There is a lot to be learned about estate planning following the death of a celebrity. Whether it be the celebrity’s failure to plan, or the celebrity’s family actions during post-death administration. I have written articles in the past that discuss estate planning lessons learned from celebrity deaths that you can check out here.
Earlier this year, Tom Petty’s daughters escalated the battle over their late father’s estate by filing a lawsuit against Petty’s second wife that seeks $5 million in damages. In the lawsuit, Adria Petty and Annakim Violette, claim their father’s widow, Dana York Petty, mismanaged their father’s estate, depriving them of their rights to determine how Petty’s music should be released.
Petty died in 2017 of an accidental drug overdose at age 66. He named Dana as sole trustee of his trust, but the terms of the trust give the daughters “equal participation” in decisions about how Petty’s catalog is to be used. The daughters, who are from Petty’s first marriage, claim the terms should be interpreted to mean they get two votes out of three, which would give them majority control.
Alex Weingarten, an attorney for Petty’s daughters, issued a statement to Rolling Stone magazine, asserting that Perry’s widow is not abiding by Petty’s wishes for his two children.
“Tom Petty wanted his music and his legacy to be controlled equally by his daughters, Adria and Annakim, and his wife, Dana. Dana has refused Tom’s express wishes and insisted instead upon misappropriating Tom’s life’s work for her own selfish interests,” he said.
In April, Dana filed a petition in a Los Angeles court, seeking to put Petty’s catalog under control of a professional manager, who would assist the three women in managing the estate’s assets. Dana alleged that Adria had made it difficult to conduct business by acting abusive and erratic, including sending angry emails to various managers, record label reps, and even members of Petty’s band, the Heartbreakers.
Since Petty’s death, two compilations of his music have been released, including “An American Treasure” in 2018 and “The Best of Everything” in 2019. Both albums reportedly involved intense conflict between Petty’s widow and daughters, over “marketing, promotional, and artistic considerations.”
In reply to the new lawsuit, Dana’s attorney, Adam Streisand, issued a statement claiming the suit is without merit and could potentially harm Petty’s legacy.
“This misguided and meritless lawsuit sadly demonstrates exactly why Tom Petty designated his wife to be the sole trustee with authority to manage his estate,” he said. “Dana will not allow destructive nonsense like this to distract her from protecting her husband’s legacy.”
The fight over Petty’s music demonstrates a sad but true fact about celebrity estate planning. When famous artists leave behind extremely valuable—yet highly complex—assets like music rights, contentious court disputes often erupt among heirs, even with planning in place.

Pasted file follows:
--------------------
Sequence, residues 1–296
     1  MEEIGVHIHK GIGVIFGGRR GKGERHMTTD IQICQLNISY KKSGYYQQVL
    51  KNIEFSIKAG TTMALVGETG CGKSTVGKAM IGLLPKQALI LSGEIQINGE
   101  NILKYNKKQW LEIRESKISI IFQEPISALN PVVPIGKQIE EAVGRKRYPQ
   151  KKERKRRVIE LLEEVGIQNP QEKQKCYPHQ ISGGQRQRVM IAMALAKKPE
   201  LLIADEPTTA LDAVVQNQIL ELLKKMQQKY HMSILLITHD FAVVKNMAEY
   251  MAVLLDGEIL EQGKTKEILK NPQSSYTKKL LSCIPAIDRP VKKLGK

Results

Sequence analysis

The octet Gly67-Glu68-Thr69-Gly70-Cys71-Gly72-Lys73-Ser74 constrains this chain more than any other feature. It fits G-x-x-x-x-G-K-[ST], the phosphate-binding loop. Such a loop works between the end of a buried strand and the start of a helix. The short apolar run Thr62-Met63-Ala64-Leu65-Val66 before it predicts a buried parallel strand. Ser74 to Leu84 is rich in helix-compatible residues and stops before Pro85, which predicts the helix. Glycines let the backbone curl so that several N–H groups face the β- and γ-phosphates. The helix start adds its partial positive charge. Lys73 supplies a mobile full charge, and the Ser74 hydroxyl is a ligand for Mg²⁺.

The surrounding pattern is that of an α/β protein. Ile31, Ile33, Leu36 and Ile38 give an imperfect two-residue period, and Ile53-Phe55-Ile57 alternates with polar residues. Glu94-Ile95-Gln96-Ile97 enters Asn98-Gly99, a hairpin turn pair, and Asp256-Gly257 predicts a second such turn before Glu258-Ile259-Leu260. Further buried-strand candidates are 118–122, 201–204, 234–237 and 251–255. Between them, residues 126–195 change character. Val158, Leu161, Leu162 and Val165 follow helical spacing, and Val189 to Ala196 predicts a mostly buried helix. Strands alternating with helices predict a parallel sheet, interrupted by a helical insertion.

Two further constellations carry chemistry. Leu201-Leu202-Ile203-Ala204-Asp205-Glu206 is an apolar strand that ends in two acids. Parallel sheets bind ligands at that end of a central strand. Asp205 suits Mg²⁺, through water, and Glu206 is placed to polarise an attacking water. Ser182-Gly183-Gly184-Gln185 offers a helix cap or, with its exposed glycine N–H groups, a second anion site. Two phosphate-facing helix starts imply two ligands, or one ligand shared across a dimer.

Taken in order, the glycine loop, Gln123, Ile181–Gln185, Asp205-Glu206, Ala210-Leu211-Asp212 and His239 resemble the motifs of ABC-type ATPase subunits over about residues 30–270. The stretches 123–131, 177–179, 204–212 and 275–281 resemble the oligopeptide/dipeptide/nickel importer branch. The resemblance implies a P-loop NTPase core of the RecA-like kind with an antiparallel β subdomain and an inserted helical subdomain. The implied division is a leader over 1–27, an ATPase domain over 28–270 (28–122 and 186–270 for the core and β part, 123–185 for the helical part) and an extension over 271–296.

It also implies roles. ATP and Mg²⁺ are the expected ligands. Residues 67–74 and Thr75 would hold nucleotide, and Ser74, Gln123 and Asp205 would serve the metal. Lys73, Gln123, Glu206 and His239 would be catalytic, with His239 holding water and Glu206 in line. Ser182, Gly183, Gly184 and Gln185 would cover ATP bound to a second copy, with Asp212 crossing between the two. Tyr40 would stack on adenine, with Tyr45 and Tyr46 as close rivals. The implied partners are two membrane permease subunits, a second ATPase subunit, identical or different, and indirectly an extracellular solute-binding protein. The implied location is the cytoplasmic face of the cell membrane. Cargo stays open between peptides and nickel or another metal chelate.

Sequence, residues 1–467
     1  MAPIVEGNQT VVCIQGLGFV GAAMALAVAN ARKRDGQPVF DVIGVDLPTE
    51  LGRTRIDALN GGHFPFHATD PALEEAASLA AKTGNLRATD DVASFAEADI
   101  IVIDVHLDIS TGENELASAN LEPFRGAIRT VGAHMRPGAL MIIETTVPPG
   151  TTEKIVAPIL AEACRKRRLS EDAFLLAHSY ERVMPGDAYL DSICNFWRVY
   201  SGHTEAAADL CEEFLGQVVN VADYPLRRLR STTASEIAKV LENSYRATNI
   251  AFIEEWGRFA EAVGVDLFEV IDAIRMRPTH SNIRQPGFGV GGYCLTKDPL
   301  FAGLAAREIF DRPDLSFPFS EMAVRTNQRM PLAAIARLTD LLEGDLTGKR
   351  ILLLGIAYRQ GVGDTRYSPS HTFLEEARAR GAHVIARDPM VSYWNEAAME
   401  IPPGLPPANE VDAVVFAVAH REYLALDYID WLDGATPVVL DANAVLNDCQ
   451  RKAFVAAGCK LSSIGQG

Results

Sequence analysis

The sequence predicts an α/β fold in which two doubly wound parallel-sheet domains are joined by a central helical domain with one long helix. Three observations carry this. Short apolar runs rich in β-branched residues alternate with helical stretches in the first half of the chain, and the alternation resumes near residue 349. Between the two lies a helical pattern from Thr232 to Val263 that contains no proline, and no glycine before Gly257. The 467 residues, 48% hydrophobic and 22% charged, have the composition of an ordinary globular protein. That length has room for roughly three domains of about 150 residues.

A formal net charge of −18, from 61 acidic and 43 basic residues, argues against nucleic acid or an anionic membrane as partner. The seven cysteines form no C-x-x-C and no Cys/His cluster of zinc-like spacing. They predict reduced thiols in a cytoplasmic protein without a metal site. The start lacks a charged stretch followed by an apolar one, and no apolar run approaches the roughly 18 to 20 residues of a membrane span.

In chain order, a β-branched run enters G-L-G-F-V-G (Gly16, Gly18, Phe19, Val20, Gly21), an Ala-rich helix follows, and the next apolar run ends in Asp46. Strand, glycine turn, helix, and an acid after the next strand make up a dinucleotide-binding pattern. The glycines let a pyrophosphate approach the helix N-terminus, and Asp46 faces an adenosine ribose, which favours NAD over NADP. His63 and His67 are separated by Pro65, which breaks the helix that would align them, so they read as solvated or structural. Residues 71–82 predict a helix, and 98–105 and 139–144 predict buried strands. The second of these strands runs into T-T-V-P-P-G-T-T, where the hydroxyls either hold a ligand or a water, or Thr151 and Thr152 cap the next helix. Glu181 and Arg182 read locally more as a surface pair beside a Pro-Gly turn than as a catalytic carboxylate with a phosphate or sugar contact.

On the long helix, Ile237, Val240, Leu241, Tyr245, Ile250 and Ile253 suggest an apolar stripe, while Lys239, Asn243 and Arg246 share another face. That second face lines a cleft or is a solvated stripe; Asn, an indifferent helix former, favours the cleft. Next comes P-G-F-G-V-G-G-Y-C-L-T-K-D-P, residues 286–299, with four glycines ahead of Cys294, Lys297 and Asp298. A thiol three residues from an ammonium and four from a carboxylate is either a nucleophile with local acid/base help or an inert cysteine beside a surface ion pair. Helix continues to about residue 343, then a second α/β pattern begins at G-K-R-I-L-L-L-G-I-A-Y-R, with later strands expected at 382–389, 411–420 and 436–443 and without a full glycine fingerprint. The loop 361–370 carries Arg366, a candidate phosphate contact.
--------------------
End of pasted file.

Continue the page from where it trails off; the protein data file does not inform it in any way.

The potential for such disputes is significantly increased for blended families like Petty’s. If you’re in a second (or more) marriage, with children from a prior marriage, there is always a risk for conflict, as your children and spouse’s interests often aren’t aligned. In such cases, it’s essential to plan well in advance to reduce the possibility for conflict and confusion.
Petty did the right thing by creating a trust to control his music catalog, but the lawsuit centers around the terms of his trust and how those terms divide control of his assets. While it’s unclear exactly what the trust stipulates, it appears the terms giving the daughters “equal participation” with his widow in decisions over Petty’s catalog are somewhat ambiguous. The daughters contend the terms amount to three equal votes, but his widow obviously disagrees.
Reduce conflict with clear terms and communication
It’s critical that your trust contain clear and unambiguous terms that spell out the beneficiaries’ exact rights, along with the exact rights and responsibilities of the trustee. Such precise terms help ensure all parties know exactly what you intended when setting up the trust.
What’s more, you should also communicate your wishes to your loved ones while you’re still alive, rather than relying on a written document that only becomes operative when you die or should you become incapacitated. Sharing your intentions and hopes for the future can go a long way in preventing disagreements over what you “really” wanted.
For the love of your family
While such conflicts frequently erupt among families of the rich and famous like Petty, they can occur over anyone’s estate, regardless of its value. As your Personal Family Lawyer®, I can help you draft clear terms for all of your planning documents and facilitate family meetings, where you can explain your wishes to your loved ones in person and answer any questions they may have.
Doing both of these things can dramatically reduce the chances of conflict over your estate and bring your family closer at the same time. And, if you have a blended family (meaning children from a prior marriage), I have more ideas about how you can head off future conflict at the pass with proper planning now. Contact me today to learn more and schedule a Family Wealth Planning Session.